The Landsat Program Records are recognized by scientists as the only accurate image record, spanning nearly four decades, of the Earth’s land surfaces, coastlines, and reefs at a scale revealing both natural and human-induced change in existence to users in over 180 countries.
The Records are obtained and continuously updated by sensors onboard a series of land-imaging satellites, since 1972. The data is critical to the discovery, monitoring, and understanding of changes to the Earth’s surface caused by climate, human impact, and natural disasters.
While fortifications have been built in Japan since the 8th century, many of those that remain today, such as Inuyama Castle in Aichi, date to the Heian Period (794–1185 CE). This era of Japanese history saw the rise of local lords and of the samurai warrior class.
The familiar style of tall stone and wooden keeps known as tenshu were developed in the Sengoku period (1467–1603 CE). Originally, these were purely practical structures, designed to be used by threatened daimyō, or feudal lords, in the vicious civil wars of the era.
Over time, these temporary military structures became permanent homes and acted as palaces. They became increasingly elaborate and decorated with ornamentation as the owners sought to show off their keen aesthetic sense as much as their military prowess.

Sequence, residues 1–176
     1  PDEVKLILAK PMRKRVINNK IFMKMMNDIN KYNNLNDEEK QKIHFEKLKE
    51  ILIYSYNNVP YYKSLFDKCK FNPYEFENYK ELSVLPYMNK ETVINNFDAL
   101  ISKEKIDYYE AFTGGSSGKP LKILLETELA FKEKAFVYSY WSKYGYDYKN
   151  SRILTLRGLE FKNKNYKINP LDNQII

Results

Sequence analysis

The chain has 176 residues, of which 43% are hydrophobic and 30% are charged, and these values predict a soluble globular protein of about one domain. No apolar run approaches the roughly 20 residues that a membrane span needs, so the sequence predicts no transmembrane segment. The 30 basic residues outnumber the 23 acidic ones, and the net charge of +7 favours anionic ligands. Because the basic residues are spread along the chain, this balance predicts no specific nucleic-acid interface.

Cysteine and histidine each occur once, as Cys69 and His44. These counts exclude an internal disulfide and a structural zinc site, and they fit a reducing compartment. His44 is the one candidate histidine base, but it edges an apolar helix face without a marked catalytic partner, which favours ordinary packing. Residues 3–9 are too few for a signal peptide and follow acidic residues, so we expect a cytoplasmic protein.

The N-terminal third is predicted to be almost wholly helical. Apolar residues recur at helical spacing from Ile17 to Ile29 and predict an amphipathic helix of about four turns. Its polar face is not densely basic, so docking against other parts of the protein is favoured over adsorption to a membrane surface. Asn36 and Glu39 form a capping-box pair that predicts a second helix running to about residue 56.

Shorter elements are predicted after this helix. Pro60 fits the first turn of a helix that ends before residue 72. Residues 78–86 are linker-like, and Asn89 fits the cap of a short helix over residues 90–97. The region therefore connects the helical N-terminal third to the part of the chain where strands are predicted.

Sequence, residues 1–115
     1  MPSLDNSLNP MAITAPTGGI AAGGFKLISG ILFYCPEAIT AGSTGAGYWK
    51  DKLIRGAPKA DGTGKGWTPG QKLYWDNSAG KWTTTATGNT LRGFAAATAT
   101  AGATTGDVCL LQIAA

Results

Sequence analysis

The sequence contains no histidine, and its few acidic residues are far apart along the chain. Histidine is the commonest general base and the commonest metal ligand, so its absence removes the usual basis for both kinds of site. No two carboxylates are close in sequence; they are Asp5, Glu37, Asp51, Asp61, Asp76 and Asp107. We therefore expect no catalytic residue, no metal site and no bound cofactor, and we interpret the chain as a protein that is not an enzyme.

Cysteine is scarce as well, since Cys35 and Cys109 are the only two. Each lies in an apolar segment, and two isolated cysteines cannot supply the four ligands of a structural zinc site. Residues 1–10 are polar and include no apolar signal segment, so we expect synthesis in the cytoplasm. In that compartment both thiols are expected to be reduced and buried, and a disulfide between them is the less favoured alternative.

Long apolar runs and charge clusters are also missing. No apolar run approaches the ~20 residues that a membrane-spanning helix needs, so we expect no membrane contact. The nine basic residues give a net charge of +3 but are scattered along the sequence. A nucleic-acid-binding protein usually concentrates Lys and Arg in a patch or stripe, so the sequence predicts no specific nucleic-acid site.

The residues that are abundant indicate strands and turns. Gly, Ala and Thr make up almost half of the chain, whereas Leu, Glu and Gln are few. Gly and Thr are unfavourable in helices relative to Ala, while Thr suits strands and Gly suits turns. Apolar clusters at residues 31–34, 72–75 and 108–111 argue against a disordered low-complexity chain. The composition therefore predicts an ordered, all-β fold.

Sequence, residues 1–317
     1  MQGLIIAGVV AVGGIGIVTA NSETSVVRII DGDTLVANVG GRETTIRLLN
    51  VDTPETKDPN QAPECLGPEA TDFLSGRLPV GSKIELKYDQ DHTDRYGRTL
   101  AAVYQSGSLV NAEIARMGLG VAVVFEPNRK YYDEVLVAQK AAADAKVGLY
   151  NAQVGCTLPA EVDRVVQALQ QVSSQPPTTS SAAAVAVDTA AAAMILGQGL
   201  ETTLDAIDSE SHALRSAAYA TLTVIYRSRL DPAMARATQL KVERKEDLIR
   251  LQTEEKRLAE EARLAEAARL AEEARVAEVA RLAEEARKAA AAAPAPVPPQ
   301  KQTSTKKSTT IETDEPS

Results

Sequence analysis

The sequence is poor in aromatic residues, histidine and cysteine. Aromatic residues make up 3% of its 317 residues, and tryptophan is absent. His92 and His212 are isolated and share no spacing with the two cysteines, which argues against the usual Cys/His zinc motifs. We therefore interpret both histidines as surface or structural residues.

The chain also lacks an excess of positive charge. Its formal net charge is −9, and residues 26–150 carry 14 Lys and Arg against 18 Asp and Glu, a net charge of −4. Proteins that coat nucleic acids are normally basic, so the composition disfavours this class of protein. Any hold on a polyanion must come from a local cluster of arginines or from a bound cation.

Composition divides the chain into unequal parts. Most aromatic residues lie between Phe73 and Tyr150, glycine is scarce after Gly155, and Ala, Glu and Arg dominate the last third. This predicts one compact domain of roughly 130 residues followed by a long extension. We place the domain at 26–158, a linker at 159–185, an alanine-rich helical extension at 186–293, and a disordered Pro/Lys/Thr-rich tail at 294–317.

Standing on the summit of Mount Kinkazan, Gifu Castle presents an imposing image, and it was famed as a stronghold. But looks can be deceiving. In the 16th century the castle was captured by just 16 men led by the samurai Takenaka Shigeharu.
Many castles continued to be used right up until the twentieth century, and some even played a part in the Second World War. The ruins of Zakimi Castle were turned into a gun emplacement by the Japanese army, and following the war, it became a US army radar station.
Sadly, many other castles were utterly ruined. Ōgaki Castle survived the Battle of Sekigahara in 1600, but in 1945 the entire castle was destroyed by American bombing raids. The castle tenshu that stands today was rebuilt in concrete in 1959 to house a museum.
Want to know more about Japanese art and culture? Discover 8 Facts About Hokusai, a master of ukiyo-e
Let slip the dogs of art! First up is this faithful pack of hunting dogs in Pieter Bruegel the Elder's 1565 painting of hunters, trudging home through the deep snow to their small village.
The landscape might be beautiful, but these mutts steal the scene.
Amidst all the chaos of the house, the little dog has taken the opportunity to steal a slice of the pie.
Hogarth's faithful pug, named Trump, stands next to his master's own portrait in this ironic painting. Hogarth himself was often caricatured as a pug!
Trump appears in many other works, but this would be one of the last. Trump died in 1745 at the ripe old age of 15.
…but it does include one of her beloved spaniels. Queen Charlotte was a well-known dog-lover who also kept many Pomeranians.
Marc spent a long time on this painting, before the "pure colour relationship between the yellow, the cold white of the snow, and the blue in it had been accomplished".
Its little legs and happy tail blur as its little streamlined body skits down the pavement, swinging its leash.